How to Avoid Freelance Job Scams

We’ve all seen them, and I’m sure many of us have been¬†secretly been tempted to try them at one point in time. You know, those ads for work from home freelance jobs that promise you can make $1000-2000 a week, or much more, working part-time. Don’t fall sucker to ads that promise the world.

I’m going to expose some common freelance job scams, show you the warning signs to look out for, teach you how to protect yourself from these work from home freelance job scams, and I’ll even give you some examples of legitimate work from home freelance jobs.

Some of the Most Common Work From Home Job Scams

If you see ads for any of these opportunities, be skeptical:

  1. Envelope-stuffing
  2. Home product assembly
  3. Home typing / Ad typist
  4. Affiliate websites or web writing based on ad revenues
  5. Multi-level marketing
  6. Medical billing
  7. Generic ads promising a lot of money, only a little bit of time, and no details whatsoever

Warning Signs With Freelance Job Scams

If you come across any of these scenarios, the smart move is to run:

  1. The promises are too good to be true (they almost always are).
  2. Pay for the freelance job is based on advertising revenue (your pay should not vary based on a client’s ability to attract advertisers every month).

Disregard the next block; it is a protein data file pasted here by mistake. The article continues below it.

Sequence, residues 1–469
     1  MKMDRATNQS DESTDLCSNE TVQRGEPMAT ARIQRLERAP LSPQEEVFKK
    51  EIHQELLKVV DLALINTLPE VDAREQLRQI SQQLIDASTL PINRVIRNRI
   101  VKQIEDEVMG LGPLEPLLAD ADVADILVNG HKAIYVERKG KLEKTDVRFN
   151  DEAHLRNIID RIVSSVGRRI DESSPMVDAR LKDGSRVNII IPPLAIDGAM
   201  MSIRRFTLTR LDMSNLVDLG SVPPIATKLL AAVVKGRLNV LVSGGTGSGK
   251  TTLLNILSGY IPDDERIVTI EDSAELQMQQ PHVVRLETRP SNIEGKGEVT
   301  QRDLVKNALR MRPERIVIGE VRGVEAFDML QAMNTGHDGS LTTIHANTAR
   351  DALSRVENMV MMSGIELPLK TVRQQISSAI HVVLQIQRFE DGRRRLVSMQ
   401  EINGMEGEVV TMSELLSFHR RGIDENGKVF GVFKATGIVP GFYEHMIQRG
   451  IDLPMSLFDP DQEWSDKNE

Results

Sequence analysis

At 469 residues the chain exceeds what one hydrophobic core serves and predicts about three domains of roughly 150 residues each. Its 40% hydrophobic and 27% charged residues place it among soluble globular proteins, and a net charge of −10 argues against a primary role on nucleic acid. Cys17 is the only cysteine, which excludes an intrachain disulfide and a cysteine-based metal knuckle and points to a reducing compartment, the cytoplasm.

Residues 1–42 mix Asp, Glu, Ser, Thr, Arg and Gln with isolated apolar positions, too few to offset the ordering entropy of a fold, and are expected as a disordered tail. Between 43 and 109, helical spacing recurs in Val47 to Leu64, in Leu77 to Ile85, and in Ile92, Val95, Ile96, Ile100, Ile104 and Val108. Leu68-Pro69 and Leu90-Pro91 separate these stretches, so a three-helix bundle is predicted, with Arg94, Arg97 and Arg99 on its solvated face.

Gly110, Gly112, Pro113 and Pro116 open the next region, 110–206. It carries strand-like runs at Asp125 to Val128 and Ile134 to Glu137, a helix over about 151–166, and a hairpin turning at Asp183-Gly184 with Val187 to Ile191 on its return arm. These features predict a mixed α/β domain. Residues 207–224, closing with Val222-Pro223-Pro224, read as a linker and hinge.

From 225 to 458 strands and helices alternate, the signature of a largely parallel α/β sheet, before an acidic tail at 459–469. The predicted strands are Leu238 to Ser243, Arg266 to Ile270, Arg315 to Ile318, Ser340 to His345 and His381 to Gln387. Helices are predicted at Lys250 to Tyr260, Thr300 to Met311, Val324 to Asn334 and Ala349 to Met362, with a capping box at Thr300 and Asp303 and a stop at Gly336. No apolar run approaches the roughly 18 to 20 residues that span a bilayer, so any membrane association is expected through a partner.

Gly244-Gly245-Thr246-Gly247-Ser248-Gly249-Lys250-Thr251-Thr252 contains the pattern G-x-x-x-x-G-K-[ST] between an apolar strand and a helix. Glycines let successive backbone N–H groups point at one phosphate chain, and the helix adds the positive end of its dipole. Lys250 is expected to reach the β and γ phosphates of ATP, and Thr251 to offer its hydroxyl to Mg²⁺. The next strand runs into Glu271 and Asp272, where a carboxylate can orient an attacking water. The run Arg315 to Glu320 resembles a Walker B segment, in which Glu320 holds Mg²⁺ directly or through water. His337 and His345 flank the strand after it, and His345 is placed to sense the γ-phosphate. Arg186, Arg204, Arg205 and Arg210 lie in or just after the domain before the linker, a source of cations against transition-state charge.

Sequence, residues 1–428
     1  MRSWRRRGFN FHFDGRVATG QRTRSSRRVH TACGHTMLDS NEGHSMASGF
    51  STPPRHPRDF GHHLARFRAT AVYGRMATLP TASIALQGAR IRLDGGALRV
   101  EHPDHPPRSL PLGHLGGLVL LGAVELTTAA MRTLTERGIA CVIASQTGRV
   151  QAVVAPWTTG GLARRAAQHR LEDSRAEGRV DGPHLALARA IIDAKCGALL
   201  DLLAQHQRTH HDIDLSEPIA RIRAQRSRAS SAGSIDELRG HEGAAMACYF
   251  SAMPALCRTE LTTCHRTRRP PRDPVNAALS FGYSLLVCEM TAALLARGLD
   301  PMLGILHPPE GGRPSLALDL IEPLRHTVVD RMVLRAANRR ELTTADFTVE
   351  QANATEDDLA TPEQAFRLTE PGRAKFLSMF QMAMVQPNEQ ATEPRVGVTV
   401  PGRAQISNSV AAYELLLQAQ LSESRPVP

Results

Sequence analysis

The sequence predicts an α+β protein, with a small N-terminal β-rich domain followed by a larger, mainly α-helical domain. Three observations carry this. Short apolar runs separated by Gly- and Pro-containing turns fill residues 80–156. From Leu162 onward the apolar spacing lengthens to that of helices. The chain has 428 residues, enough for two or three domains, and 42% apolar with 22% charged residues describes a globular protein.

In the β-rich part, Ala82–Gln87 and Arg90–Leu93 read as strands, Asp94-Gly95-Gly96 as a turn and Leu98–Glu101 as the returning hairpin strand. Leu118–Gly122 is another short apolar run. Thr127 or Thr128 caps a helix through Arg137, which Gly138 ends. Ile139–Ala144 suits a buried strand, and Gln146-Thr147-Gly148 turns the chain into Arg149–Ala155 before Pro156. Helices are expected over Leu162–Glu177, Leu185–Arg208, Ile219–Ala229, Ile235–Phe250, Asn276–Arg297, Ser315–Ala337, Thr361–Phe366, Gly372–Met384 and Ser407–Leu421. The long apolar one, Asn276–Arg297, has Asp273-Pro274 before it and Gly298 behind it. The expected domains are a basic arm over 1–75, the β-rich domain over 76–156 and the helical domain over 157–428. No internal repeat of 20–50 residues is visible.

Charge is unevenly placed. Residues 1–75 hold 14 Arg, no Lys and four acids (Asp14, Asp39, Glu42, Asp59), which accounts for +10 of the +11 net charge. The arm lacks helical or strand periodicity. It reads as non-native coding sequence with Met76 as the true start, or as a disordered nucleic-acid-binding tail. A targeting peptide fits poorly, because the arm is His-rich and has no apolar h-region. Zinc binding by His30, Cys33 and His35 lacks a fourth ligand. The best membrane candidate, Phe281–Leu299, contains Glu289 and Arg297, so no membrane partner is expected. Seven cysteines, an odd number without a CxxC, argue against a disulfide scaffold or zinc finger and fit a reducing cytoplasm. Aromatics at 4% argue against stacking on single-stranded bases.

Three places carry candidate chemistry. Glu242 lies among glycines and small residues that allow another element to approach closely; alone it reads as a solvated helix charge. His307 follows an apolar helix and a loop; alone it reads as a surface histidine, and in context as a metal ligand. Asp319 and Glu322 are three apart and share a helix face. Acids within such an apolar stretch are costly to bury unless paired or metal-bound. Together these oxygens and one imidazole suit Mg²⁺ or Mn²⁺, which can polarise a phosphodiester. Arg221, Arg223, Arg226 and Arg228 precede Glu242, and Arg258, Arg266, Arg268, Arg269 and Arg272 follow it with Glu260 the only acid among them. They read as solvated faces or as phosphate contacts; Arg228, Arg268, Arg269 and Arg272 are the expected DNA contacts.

3. Details about your actual work from home duties are sketchy, or they’re not listed at all.
  4. You find the work from home freelance job ad in a flashy web banner, on a telephone post, tacked to a bulletin board, or on a flyer inserted in a library book.
  5. You have to attend a seminar to learn how to get the work from home freelance job.
  6. You’re asked to send money. Never,¬†ever, pay to land a job.

Protect Yourself From Work at Home Scams

If you still find a questionable work at home job ad hard to resist, take these steps to minimize your risk:

  1. Do a WhoIs search on their web site. This will often show you who owns and operates the site.
  2. See if they’re in the Yellow Pages.
  3. Check the BBB for previous complaints.
  4. Ask them to send the info to you in writing.
  5. Check with the FTC and your state attorney general’s office about known work from home freelance job scams.

Additional Tips

Here are a few more things you can do to protect yourself from falling victim to freelance job scams:

  1. Never take a work from home freelance job ad at face value.
  2. Never send money for information about a work from home freelance job. Again, never.
  3. Always do your research on the company before you sign up for anything.
  4. Never attend a seminar where someone promises to teach you how to get rich quick with a work from home freelance job opportunity.
  5. Remember, if it sounds to good to be true, it almost always is.

Have you ever been the victim of a freelance job scam? Have you seen a rise in any particular type of advertised work from home job scams? Tell me about your experiences or share additional warnings in the comments below.

Note: This article was originally published on March 11, 2007 and has since been updated.

7 thoughts on “How to Avoid Freelance Job Scams

  1. Pingback: The Red Flags for Freelance Scams : The Freelance Pro

  2. Pingback: Freelance Jobs to Avoid! 5 Warning Signs for Scams | OpenABlog